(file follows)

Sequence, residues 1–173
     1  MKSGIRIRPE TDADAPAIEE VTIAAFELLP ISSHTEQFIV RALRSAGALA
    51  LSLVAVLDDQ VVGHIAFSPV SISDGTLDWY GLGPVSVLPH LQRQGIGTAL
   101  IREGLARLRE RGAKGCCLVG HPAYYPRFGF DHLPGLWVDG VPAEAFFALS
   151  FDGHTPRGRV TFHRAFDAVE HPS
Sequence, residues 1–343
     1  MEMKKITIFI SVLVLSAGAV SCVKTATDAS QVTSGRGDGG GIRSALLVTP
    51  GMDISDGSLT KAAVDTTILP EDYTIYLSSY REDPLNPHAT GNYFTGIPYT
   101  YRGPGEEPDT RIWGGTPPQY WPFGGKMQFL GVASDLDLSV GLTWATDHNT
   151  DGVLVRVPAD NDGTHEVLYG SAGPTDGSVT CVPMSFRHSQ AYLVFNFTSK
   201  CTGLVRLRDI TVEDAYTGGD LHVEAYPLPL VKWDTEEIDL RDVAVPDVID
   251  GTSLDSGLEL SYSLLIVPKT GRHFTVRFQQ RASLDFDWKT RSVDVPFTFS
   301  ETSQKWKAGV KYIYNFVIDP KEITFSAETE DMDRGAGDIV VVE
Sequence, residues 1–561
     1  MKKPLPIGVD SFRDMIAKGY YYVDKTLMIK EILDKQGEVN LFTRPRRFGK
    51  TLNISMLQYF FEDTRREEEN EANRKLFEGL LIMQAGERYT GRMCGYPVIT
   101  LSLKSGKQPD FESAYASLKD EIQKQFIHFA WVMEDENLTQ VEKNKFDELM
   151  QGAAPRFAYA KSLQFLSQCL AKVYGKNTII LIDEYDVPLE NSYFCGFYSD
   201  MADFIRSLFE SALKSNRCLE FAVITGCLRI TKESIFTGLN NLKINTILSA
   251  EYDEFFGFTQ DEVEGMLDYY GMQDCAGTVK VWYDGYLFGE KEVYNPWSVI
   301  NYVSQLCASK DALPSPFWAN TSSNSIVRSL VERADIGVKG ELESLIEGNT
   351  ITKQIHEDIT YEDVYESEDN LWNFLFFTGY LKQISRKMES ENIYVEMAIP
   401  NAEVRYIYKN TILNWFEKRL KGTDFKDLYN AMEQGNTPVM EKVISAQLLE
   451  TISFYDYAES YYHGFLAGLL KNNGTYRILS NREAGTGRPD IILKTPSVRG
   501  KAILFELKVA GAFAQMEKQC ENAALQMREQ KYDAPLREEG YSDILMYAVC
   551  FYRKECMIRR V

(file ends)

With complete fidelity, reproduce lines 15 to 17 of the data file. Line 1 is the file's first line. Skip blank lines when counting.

     1  MKKPLPIGVD SFRDMIAKGY YYVDKTLMIK EILDKQGEVN LFTRPRRFGK
    51  TLNISMLQYF FEDTRREEEN EANRKLFEGL LIMQAGERYT GRMCGYPVIT
   101  LSLKSGKQPD FESAYASLKD EIQKQFIHFA WVMEDENLTQ VEKNKFDELM